Posts Tagged ‘kid’
Here’s one from one of my friends, Joey Sovine.
Ten-year-old Katie Stagliano dreams to end childhood hunger across the world.
The 4th grader from Pinewood Preparatory School in Summerville was recently featured in NBC Nightly News “Making a difference” segment.
Her dream began in her backyard where a 3rd grade project turned into a 40 pound cabbage.
“We decided that my cabbage was too special to be eaten so I contacted the organization fields to family. They are an organization that brings extra crops from farmer’s fields and other places to people in need and they told us that Family Crisis Ministries’ soup kitchen would greatly appreciate it,” explained Katie.
The 40 pound cabbage went on to feed over 275 people and triggered a dream that is spreading throughout her school.
With help from environmental science teacher Michael Newman, a garden has been constructed on the school’s property where Katie’s classmates help to grow food for the homeless.
Katie has now helped to feed over 800 people and hopes to inspire more people to grow food for those less fortunate.
Watch this story: Summerville kid dreams to end childhood hunger
Burgh, a Bernese Mountain dog, is assisting in the Tailwaggin’ Tutors program.
“When it’s time for the kids to read, they sit down, she sits down next to them and she listens,” said Carol Vernon, a library employee.
It doesn’t even matter that all the stories sound the same to Burgh.
“(The children are) breaking out of their shell,” said Chris Bohrer, the dog’s owner. “They’re not so afraid to be around either a dog or an adult and they generally start reading louder and louder.”
The program has made for positive results.
“I just think because you’re training and reading to at least somebody before you read to an actual real person,” said Tommy Fanning of the Reading To Dogs program. “Whether it’s getting over shyness or just getting confidence in their ability to read aloud, or whether it’s actually improving their reading, I hear about it from the parents.”
The children are going from beginning readers to chapter books in a matter of weeks.
“However you can get them to love reading or enjoy reading, I think it’s a wonderful thing,” said Janel Fanning, the mother of one of the students in the program.
Read more and watch this story: Dogs Helping Children Learn To Read
This is a remarkable young girl who is shining in the face of a major tragedy. This story is heart-wrenching, but there is something strangely inspirational about it.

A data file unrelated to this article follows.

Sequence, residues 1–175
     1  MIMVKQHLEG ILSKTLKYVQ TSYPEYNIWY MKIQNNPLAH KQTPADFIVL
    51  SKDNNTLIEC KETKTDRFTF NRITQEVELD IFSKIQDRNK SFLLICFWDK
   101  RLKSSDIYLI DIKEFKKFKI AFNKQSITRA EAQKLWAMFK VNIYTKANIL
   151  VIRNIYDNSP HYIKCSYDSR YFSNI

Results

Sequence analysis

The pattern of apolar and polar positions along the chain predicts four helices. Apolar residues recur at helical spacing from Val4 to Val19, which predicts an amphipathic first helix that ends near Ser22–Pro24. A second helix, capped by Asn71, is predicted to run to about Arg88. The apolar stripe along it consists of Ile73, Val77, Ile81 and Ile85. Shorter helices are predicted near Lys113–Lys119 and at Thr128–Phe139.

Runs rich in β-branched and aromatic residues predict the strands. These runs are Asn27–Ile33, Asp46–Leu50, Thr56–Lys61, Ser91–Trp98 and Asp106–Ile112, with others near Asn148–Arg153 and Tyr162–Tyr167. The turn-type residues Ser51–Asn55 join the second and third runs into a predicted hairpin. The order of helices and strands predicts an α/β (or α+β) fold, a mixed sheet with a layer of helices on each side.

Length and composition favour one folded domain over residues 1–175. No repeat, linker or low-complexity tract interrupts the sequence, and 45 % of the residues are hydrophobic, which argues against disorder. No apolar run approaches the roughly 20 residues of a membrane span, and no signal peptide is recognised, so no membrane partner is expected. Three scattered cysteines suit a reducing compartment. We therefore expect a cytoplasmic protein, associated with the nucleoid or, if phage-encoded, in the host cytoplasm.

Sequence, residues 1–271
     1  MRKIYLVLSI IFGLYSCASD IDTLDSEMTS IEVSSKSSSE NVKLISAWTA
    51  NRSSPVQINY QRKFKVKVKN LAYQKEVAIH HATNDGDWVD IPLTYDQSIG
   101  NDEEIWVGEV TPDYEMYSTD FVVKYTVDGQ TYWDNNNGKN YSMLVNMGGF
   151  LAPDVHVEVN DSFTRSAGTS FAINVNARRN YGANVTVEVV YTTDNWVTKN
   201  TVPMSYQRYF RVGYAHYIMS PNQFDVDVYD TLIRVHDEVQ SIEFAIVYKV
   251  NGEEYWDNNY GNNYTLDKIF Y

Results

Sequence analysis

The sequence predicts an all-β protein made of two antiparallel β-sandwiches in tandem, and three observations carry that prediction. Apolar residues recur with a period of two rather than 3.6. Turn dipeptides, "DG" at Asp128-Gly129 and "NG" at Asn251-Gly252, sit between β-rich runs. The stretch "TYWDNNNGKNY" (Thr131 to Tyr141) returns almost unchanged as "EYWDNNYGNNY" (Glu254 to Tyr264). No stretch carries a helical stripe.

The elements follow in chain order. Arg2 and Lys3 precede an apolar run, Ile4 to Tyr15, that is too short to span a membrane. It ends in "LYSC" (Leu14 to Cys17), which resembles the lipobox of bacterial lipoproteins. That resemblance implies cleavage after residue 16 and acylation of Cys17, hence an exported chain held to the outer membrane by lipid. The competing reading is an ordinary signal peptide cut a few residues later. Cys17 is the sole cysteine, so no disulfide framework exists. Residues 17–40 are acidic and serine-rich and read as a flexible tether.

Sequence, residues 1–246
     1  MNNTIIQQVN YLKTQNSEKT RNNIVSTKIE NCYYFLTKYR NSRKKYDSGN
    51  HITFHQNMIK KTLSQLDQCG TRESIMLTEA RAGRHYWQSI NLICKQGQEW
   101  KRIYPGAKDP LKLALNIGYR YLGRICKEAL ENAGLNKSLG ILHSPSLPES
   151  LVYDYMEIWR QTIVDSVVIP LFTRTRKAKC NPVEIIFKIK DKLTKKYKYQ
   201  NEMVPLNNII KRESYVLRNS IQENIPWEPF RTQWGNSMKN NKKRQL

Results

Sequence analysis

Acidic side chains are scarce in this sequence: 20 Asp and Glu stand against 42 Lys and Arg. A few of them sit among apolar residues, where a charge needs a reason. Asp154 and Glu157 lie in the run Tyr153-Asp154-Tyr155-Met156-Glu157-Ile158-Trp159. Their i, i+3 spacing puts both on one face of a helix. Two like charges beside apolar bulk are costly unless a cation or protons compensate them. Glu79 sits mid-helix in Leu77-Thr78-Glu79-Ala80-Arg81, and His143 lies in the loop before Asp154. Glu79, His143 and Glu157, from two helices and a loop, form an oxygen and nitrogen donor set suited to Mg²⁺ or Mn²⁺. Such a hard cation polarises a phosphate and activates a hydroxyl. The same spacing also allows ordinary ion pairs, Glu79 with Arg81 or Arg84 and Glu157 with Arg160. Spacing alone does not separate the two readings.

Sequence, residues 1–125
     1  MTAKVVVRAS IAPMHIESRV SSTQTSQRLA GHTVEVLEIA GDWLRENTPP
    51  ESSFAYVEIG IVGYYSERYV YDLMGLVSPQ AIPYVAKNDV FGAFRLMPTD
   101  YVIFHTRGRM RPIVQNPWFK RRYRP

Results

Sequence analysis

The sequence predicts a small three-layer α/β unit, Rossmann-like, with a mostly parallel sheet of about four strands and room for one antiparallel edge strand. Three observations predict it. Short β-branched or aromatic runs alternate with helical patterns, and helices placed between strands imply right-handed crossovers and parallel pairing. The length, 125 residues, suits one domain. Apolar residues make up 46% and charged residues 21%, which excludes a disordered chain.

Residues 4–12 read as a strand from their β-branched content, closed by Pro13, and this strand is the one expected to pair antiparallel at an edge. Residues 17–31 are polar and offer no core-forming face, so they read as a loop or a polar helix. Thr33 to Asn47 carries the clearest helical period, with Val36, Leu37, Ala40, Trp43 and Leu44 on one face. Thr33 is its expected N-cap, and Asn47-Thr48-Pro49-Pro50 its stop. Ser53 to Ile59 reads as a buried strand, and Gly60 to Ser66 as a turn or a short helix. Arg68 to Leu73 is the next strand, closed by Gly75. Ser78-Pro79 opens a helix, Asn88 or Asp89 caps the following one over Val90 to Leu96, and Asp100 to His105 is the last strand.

If you can… please take the time to buy a stack of cards or donate to the family. I know that I will!
Watch this story with some tissue near by.
It would be hard to say no to Reese Schroeder, a beautiful 5-year-old girl with a big smile and her father’s green eyes. But it would be impossible to turn her away from your doorstep once you hear why she wants to sell her cards.
“Because I wanted to raise money for my dad because he’s in the hospital. But now, he’s not in the hospital anymore because he died,” she said.
Jon Schroeder died early Tuesday morning months after he’d been admitted to the hospital for pneumonia. He was 29 years old.
While at the hospital, he suffered a collapsed lung and was diagnosed with Acute Respiratory Distress Syndrome (ARDS), a rare and almost fatal disease.
During her father’s long stay at the hospital, Reese’s kindergarten art teacher decided an art project might help. She kept Reese after kindergarten for two weeks and helped her draw pictures of animals that would be printed on cards.
Julie Bauman didn’t even know the Schroeders but knew she wanted to do something to help.
“Stacie (Reese’s mom) is now a single mom with little three kids and I just knew there would be a lot of possible expenses to keep the house going, I just figured anything we could do to help,” Bauman said.
Bauman got a local printer to donate the card printing and then recruited volunteers to put the packets of cards together. She also brought Reese to her Monticello neighborhood to sell the cards to her neighbors.
“I think it’s really sweet, really sweet of her teacher and it’s really sweet that she’s able to go out and do that for her dad,” said Stacie Schroeder. “He would have been so proud of her.”
Jon never saw all of the cards while he was in the hospital because he was too sick. But he’ll be buried with them with a special note from Reese.
“I feel kind of happy that he chose to go with Jesus, but I do feel kind of sad that he’s not with us,” she said.
You can make a donation to the Jon Schroeder Benefit Account at:
Wells Fargo Bank
12916 Main St
Rogers, MN 55374
You can also buy Reese’s card from the Albertville Primary School, 763-497-2688. They are $10 for a pack of 6. The money will go to help Stacie Schroeder raise her three kids.
Watch this story: Girl Makes Special Greeting Cards For Sick Dad
A physical-education teacher at A.K. Suter Elementary School in Pensacola is being called a hero after he was struck by a car this morning near the school while he protected children.
Patrick Judd was transported to Baptist Hospital. Colleen Kirsch, spokeswoman for the hospital, said Judd was in good condition this morning.
Deputy Superintendent Norm Ross said witnesses saw Judd push a mother and her two children out of the path of an oncoming car.
By doing so, Judd took the brunt of the hit and suffered a leg injury.
District officials applauded Judd’s selfless actions Friday.
Laura Richards, 37, dropped off 6-year-old Abigail for school this morning and was crossing the street while talking with Judd.
She had 2-year old Laura Sophia sitting on her hip and 4-year-old Isabella holding her hand as she walked.
“He jumped back to take the full impact,” Richards said of Judd. “I don’t really know what happened. It happened so quickly but when it was all said and done we were safe on the side of the road and my daughters’ flip flops were still on the pavement.”